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Black Diamond Engagement Rings | Denver Diamond Source

Black Diamond Engagement Rings

When considering purchasing a black diamond for yourself or someone you care about, it’s natural to question how the message will be received. People may think your decision is unusual and question why you would spend money on a dark stone. Alternatively, many may criticize your choice of a black diamond engagement ring for your partner. Unless, of course, your spouse is a fan of the hue.

We’ve developed this research on the meanings of black diamonds to help you determine whether a princess cut black diamond ring or one with a different-shaped stone is perfect for you.

History of Black Diamonds

In contrast, when most people think of diamonds in literature, they automatically think of colorless diamonds. Black diamonds, called carbonados by the Portuguese, are, nonetheless, the same mineral as all other hues of a diamond. Natural black diamonds originate in regions distinct from other types, most notably in central Africa and Brazil.

What are Black Diamonds?

Diamonds with a significant number of inclusions are known as black diamonds. Inclusions in a standard white or colorless diamond look like small dark spots, but at excessively high levels, the diamond appears entirely black. As a result, you have a black diamond.

As a result, it is a one-of-a-kind and extremely uncommon type of colored diamond. Black diamonds are distinct from other fancy colored diamonds in that these colored diamonds are often generated by chemical impurities present during the diamond’s formation. Black diamonds, on the other hand, are more akin to white diamonds than, say, yellow or blue diamonds.

Black Diamond's Engagement Ring

Black diamonds are an unusual choice for engagement rings, but if you get it off, you may demonstrate a distinct fashion sense combined with elegance.

A black diamond engagement ring has a black diamond in the center that is usually surrounded by smaller white diamonds! Outside of the standard color spectrum, black is called a “fancy” color diamond. It is a one-of-a-kind option for couples looking for a stylish, deco, or gothic engagement ring. Many black engagement rings have a strong following because of their distinct features and great price points.

Types of Black Diamonds

There are two sorts of black diamonds: natural black diamonds and diamonds that have been treated to become black. The first kind, diamonds with a natural black look, is much more precious and attractive, as it is with practically all gemstones.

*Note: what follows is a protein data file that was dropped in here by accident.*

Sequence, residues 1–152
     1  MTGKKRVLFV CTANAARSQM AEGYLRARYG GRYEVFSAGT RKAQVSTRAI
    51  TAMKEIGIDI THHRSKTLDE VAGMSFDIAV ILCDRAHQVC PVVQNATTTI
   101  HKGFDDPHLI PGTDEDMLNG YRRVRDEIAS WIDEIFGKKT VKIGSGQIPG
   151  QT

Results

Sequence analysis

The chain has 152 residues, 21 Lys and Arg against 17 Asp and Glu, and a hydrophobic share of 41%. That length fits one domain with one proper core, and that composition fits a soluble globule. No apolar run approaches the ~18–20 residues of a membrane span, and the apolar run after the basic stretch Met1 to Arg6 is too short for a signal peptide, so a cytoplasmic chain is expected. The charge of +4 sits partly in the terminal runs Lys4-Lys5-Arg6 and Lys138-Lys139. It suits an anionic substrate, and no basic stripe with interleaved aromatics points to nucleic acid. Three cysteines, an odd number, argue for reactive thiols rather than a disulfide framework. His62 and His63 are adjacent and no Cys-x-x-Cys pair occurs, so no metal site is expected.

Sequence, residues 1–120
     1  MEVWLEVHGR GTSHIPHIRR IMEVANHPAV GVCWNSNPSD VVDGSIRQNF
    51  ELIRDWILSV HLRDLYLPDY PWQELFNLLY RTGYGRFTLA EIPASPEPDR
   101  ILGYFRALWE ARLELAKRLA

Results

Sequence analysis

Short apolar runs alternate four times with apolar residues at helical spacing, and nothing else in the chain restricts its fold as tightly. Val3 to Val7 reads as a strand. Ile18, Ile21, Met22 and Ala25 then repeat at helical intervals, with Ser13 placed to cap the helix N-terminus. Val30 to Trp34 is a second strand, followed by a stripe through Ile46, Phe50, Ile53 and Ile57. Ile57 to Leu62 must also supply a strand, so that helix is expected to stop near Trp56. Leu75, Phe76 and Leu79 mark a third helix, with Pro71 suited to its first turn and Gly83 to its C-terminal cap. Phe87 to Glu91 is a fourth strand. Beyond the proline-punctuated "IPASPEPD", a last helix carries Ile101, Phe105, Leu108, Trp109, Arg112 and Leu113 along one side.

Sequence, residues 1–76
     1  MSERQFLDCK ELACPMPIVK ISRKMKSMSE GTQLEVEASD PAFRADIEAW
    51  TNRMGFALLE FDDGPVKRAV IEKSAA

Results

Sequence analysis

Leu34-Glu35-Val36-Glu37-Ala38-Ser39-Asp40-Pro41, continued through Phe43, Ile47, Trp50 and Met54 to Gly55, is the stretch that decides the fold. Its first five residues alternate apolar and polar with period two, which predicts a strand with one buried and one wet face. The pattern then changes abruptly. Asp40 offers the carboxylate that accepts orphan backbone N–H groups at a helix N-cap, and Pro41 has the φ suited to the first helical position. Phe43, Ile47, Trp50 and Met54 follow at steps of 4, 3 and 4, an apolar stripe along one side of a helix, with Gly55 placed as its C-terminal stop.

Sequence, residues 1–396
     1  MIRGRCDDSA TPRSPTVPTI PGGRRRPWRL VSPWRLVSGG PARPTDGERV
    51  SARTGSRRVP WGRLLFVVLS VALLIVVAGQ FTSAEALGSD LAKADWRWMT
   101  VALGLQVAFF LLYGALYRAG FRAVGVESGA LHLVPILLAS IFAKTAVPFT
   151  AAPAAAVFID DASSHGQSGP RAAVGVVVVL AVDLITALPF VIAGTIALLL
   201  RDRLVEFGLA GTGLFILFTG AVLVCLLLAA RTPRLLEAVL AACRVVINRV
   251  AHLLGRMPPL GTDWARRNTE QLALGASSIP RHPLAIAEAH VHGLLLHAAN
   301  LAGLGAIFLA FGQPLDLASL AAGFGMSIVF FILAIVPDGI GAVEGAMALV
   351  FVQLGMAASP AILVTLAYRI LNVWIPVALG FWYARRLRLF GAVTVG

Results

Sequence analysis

Treated black diamonds are less precious than natural black diamonds. These are white diamonds with a lot of imperfections and fractures with a dismal grey look. These diamonds are almost worthless in their natural condition and are exclusively utilized for industrial reasons.

Heat, pressure, and irradiation treatments can be used to create a black color, resulting in a black diamond.

Natural black diamonds, on the other hand, acquire their color during the manufacturing process, with no external intervention. These, too, have many inclusions, but their inclusions form graphite clusters, giving the stone a black, metallic look.

Because natural black diamonds are formed organically, they are highly rare and consequently exceedingly precious – much more so than chemically treated black diamonds.

Black Diamond's Intensity Level

In contrast to most other colored diamonds, which are available in a variety of hues, black diamonds are only available in one color intensity: fancy black.

Other diamonds, such as fancy white and fancy red, have a single intensity grade, while the majority of other hues can have up to nine, ranging from faint to deep.

When selecting a black diamond engagement ring, loose black diamond, or other diamond jewelry, the 4Cs (cut, clarity, color, and carat) should all be considered. All of these qualities contribute significantly to the quality and attractiveness of a black diamond.

Even though beautiful black diamonds do not have normal color and clarity grading, it is crucial to ensure that the color is adequately saturated. When inspecting the stone with the naked eye, be sure there are no noticeable flaws. 

When selecting a black diamond wedding ring, you should also consider the form, which is mostly a matter of personal choice. Black diamonds, like other diamonds, come in a variety of forms, each with its distinct look. It’s also vital to think about the metal you’re going to choose for your black diamond jewelry. Because of its stunning, striking hue, black diamond pairs great with 14k white gold, platinum, and all other white metals.